# Chapter 6R Resources

So far, we have seen a lot of R, and a lot of R quickly. Again, the preceding chapters were in no way meant to be a complete reference for the R language, but rather an introduction to many of the concepts we will need in this text. The following resources are not necessary for the remainder of this text, but you may find them useful if you would like a deeper understanding of R:

## 6.1 Beginner Tutorials and References

• Try R from Code School.
• An interactive introduction to the basics of R. Useful for getting up to speed on R’s syntax.
• Quick-R by Robert Kabacoff.
• A good reference for R basics.
• R Tutorial by Chi Yau.
• A combination reference and tutorial for R basics.
• R Programming for Data Science by Roger Peng
• A great text for R programming beginners. Discusses R from the ground up, highlighting programming details we might not discuss.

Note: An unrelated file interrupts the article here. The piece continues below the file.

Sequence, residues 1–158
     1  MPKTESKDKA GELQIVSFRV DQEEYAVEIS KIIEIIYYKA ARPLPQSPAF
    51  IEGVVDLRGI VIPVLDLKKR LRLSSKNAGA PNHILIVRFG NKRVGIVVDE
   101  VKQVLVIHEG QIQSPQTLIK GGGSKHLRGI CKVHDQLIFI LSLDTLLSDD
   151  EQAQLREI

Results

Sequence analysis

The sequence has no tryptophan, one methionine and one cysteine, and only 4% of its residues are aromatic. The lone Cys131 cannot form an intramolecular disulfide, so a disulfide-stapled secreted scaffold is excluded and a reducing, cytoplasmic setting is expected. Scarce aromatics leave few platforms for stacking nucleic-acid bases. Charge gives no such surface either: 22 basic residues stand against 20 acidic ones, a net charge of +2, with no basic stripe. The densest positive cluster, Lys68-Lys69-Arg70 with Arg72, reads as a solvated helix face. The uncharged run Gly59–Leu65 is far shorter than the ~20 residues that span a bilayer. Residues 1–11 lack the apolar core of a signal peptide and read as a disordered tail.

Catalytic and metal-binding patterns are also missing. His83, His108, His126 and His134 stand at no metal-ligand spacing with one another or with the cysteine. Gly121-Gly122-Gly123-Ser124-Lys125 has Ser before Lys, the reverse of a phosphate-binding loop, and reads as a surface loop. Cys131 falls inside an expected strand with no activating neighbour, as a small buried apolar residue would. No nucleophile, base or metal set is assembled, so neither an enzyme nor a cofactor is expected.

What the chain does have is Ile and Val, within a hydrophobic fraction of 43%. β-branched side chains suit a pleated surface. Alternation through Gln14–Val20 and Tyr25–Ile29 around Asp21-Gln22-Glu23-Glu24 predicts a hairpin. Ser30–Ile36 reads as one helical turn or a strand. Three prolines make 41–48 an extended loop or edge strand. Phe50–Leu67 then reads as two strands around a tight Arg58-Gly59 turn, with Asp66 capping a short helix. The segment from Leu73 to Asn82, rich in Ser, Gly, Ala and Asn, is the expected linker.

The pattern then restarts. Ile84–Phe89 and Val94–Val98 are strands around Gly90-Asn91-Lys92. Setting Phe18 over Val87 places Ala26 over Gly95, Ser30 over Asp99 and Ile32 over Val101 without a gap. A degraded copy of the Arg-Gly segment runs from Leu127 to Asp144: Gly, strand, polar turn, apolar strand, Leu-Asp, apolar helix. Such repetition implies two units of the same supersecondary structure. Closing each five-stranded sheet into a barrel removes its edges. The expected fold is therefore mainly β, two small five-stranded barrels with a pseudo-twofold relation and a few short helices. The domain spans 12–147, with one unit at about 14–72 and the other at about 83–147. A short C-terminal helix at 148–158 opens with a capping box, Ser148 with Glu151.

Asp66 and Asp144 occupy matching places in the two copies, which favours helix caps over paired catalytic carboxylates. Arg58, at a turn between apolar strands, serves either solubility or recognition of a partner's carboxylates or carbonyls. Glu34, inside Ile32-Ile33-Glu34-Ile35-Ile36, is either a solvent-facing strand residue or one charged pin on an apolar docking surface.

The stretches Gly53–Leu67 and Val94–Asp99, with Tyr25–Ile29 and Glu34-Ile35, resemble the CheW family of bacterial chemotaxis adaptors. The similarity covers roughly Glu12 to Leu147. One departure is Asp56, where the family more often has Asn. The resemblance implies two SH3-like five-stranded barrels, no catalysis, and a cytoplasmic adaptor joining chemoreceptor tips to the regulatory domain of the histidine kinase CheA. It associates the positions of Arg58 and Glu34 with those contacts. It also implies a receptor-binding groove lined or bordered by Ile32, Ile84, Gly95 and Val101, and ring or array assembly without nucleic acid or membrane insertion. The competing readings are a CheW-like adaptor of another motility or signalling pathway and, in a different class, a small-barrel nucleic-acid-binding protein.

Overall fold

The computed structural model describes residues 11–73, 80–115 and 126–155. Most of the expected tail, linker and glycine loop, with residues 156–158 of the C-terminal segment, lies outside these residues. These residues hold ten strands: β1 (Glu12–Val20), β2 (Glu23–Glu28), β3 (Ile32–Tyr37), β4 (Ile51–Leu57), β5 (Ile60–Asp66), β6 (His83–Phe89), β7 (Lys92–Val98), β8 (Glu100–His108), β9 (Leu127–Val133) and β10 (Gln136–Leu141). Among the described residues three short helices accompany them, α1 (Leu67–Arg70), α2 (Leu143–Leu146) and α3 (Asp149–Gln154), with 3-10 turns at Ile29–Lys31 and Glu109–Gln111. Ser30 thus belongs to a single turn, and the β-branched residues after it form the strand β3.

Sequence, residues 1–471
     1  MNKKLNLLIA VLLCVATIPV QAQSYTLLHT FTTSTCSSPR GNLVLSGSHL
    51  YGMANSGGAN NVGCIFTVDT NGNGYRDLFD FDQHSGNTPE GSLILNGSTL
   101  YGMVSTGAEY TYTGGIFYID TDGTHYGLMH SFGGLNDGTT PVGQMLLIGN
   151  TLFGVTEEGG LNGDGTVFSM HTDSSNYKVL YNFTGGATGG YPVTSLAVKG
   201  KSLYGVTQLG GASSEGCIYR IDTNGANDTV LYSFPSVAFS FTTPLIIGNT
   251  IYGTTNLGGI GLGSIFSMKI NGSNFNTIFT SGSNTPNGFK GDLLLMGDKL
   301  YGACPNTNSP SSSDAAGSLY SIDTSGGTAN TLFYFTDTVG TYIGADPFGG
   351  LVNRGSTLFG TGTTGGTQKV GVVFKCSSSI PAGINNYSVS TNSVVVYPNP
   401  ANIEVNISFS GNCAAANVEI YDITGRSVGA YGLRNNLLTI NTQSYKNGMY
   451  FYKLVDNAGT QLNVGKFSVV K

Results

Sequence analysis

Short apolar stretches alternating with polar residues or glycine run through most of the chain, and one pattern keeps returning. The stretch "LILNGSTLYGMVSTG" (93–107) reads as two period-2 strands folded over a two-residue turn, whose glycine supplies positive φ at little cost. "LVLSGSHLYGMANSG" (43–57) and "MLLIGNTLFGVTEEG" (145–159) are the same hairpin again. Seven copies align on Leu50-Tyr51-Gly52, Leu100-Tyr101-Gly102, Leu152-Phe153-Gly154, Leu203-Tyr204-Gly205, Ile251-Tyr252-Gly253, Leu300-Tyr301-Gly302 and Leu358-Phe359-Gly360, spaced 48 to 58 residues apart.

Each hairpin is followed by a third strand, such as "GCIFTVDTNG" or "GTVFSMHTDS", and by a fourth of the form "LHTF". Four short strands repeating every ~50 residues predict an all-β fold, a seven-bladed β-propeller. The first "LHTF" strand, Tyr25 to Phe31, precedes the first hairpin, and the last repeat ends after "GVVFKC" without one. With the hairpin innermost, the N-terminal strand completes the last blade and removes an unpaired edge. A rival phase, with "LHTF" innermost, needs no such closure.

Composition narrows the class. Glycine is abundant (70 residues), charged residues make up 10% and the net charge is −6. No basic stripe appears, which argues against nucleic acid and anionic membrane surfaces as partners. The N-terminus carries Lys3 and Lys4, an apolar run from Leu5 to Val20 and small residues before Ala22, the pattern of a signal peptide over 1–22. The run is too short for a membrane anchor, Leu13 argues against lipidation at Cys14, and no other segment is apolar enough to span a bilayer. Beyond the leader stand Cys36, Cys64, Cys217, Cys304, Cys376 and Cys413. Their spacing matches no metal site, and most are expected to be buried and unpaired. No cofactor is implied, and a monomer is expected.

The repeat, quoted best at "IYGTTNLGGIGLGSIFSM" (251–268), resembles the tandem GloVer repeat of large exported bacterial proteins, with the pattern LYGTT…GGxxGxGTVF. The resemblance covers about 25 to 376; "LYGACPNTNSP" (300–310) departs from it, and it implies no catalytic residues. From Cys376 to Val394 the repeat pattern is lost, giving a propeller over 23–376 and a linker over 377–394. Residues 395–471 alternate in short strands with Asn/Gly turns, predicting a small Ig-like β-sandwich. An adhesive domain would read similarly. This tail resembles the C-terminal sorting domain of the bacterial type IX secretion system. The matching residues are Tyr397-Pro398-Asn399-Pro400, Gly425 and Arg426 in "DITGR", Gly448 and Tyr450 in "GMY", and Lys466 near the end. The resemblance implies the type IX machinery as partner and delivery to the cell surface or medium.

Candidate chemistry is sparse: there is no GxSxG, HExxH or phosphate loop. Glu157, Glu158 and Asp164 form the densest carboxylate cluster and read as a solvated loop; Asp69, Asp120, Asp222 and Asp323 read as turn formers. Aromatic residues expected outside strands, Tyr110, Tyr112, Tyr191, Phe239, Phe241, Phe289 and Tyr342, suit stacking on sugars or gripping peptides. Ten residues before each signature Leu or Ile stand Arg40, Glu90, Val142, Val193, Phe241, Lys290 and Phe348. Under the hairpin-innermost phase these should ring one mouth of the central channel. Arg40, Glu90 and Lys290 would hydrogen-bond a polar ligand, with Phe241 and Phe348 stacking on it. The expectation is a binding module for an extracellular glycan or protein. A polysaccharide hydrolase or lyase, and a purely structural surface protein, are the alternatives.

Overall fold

## 6.2 Intermediate References

• Advanced R by Hadley Wickham.
• From the author of several extremely popular R packages. Good follow-up to The Art of R Programming. (And more up-to-date material.)
• The R Inferno by Patrick Burns.
• Likens learning the tricks of R to descending through the levels of hell. Very advanced material, but may be important if R becomes a part of your everyday toolkit.
• Efficient R Programming by Colin Gillespie and Robin Lovelace
• Discusses both efficient R programs, as well as programming in R efficiently.

## 6.4 Quick Comparisons to Other Languages

Those who are familiar with other languages may find the following “cheatsheets” helpful for transitioning to R.

## 6.5 RStudio and RMarkdown Videos

The following video playlists were made as an introduction to R, RStudio, and RMarkdown for STAT 420 at UIUC. If you are currently using this text for a Coursera course, you can also find updated videos there.

Note that RStudio and RMarkdown are constantly receiving excellent support and updates, so these videos may already contain some outdated information.

RStudio provides their own tutorial for RMarkdown. They also have an excellent RStudio “cheatsheet” which visually identifies many of the features available in the IDE. You may also explore some additional “cheatsheets” on their website.

## 6.6 RMarkdown Template

This .zip file contains the files necessary to produce this rendered document. This document is a more complete version of a template than what is seen in the above videos.